Epicondylitis - Tennis/Golfer's Elbow
The elbow joint consists of the joining of three bones: one from the upper arm (humerus), and two from the forearm (ulna and radius). The collateral ligaments are strong bands of tissue that hold the bones together in proper alignment. The elbow is both a ball-and-socket joint as well as a hinge joint, allowing the elbow to bend (flexion) and straighten (extension) as well as enable the hand to rotate palm-up (supination) and palm-down (pronation).
A condyle is a rounded prominence at the end of a bone, usually where the bone connects to another bone. An epicondyle is the most prominent part of the condyle where tendons are attached. Epicondylitis is inflammation or damage to the area where the tendon attaches to the bone. The most common types of epicondylitis are “Tennis Elbow” and “Golfer’s Elbow.” “Tennis Elbow,” which is also known as lateral epicondylitis, is an overuse injury to the lateral (outside) area of the epicondyle of the elbow of the humerus, which is the upper arm bone. “Golfer’s Elbow,” which is known as medial epicondylitis, is similar to tennis elbow, but the damage occurs in the medial (inside) area of the epicondyle of the elbow of the humerus. Tennis elbow is an inflammation of the extensor tendon attachment, whereas golfer’s elbow is an inflammation of the flexor tendon attachment. Both of these conditions occur as a result of repetitive strain on the forearm extensor/flexor muscles such as tennis and other racquet and throwing sports, golf, gardening, carpentry, etc. These conditions can also occur due to traumatic events such as a motor vehicle accident in which the tendon attachment is violently stretched.
Common symptoms of tennis/golfer’s elbow are:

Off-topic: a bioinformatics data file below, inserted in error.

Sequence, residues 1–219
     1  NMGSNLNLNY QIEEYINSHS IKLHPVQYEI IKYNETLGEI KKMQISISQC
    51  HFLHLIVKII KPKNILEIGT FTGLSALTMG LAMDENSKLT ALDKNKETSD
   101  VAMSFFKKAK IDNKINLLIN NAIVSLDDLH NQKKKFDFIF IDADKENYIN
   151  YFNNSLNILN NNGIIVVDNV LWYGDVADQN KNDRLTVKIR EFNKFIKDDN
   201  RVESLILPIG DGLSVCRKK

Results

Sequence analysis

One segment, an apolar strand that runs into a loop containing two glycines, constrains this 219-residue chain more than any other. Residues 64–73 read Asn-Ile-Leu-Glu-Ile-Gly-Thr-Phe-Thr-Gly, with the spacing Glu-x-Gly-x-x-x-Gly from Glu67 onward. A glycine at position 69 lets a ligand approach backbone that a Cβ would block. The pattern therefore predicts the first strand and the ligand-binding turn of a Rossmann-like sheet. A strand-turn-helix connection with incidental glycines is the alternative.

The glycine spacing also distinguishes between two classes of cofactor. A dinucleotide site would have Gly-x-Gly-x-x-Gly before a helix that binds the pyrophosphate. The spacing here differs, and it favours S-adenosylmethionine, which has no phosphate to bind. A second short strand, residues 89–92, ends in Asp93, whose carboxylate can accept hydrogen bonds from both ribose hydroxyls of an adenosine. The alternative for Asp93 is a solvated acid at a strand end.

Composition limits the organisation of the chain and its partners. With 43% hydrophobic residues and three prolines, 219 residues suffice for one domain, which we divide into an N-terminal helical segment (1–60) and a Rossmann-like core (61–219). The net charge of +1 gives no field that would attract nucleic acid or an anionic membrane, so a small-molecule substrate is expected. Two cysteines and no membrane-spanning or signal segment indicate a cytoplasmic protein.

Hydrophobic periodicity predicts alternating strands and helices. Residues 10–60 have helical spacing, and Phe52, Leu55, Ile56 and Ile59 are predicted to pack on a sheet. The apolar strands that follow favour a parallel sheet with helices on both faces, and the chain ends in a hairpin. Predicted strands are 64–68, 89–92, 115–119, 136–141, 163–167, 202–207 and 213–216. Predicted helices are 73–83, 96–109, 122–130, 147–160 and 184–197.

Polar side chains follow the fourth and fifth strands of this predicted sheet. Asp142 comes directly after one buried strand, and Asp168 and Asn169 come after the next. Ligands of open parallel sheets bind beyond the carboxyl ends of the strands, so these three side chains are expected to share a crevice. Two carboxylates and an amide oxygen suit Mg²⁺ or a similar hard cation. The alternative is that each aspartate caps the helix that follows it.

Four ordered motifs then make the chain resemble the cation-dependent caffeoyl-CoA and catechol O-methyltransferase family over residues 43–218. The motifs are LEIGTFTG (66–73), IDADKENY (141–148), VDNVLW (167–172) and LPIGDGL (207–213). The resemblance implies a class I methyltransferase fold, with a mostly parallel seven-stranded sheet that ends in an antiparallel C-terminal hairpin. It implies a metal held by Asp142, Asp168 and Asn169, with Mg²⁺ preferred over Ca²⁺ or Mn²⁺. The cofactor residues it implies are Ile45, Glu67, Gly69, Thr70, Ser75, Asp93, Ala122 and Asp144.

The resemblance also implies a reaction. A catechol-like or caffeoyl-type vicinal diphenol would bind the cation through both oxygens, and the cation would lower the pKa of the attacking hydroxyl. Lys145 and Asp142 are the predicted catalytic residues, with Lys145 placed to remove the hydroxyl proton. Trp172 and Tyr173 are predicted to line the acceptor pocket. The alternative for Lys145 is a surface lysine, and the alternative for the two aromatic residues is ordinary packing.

- Pain and tenderness over the lateral/medial epicondyle that is aggravated by the bending of the wrist.
- Gradual pain that is aggravated with use/overuse of the affected muscles
- Swelling or inflammation of the tissues near the joint
- Overall instability or a locking sensation of the elbow joint
The physician will take many factors into consideration prior to making a diagnosis. After taking a full, detailed history of the symptoms and recreational or occupational risk factors, the physician will examine the arm and the elbow for symptoms by conducting a number of tests aimed at making a diagnosis.
Most individuals who have either tennis elbow or golfer’s elbow are fully treated with non-operative methods.
Rest – It is advised to decrease or completely stop the activity that makes the pain worse. A great way to stay active while allowing the symptoms to subside is to switch to low-impact activities.
Medication – Over-the-counter medication such as ibuprofen and naproxen usually help reduce pain and swelling. If these are deemed insufficient by your physician, they might prescribe stronger medication to relive pain and reduce inflammation.
Physical Therapy – Physical Therapists will often prescribe specific strengthening and range of motion exercises that promote healing and help recover as much mobility in the elbow joint as possible. It is crucial that these exercises be done accurately and routinely to optimize recovery of the elbow joint.
Steroid Injections – Injecting the damaged tendon with cortisone, a powerful anti-inflammatory medicine, might aide in decreasing pain and improving symptoms.
Surgery – When non-operative treatments have been exhausted and are insufficient to control the symptoms for more than six to 12 months, the physician may recommend an operative approach. The exact procedure will vary based on the extent of the injury, the individual’s general health, and their need to return to sport or activity that requires extensive use of the involved muscles. Options must be discussed extensively with the physician to determine the appropriate operative treatment and procedure.
Each patient is unique and their recover will depend on the treatment method prescribed by the physician. If surgery is deemed necessary for the tennis/golfer’s elbow, recovery will depend on the severity of the condition and the complexity of the procedure. The elbow will most likely be placed in a splint following surgery for a couple of weeks. Once the splint is removed, physical therapy to stretch and restore movement in the elbow will be recommended for a few months. The physician will provide instructions for when an individual can return to sport or the prior level of activity which usually takes up to six months after surgery.
CALL 911 IMMEDIATELY IF YOU ARE HAVING A MEDICAL EMERGENCY!
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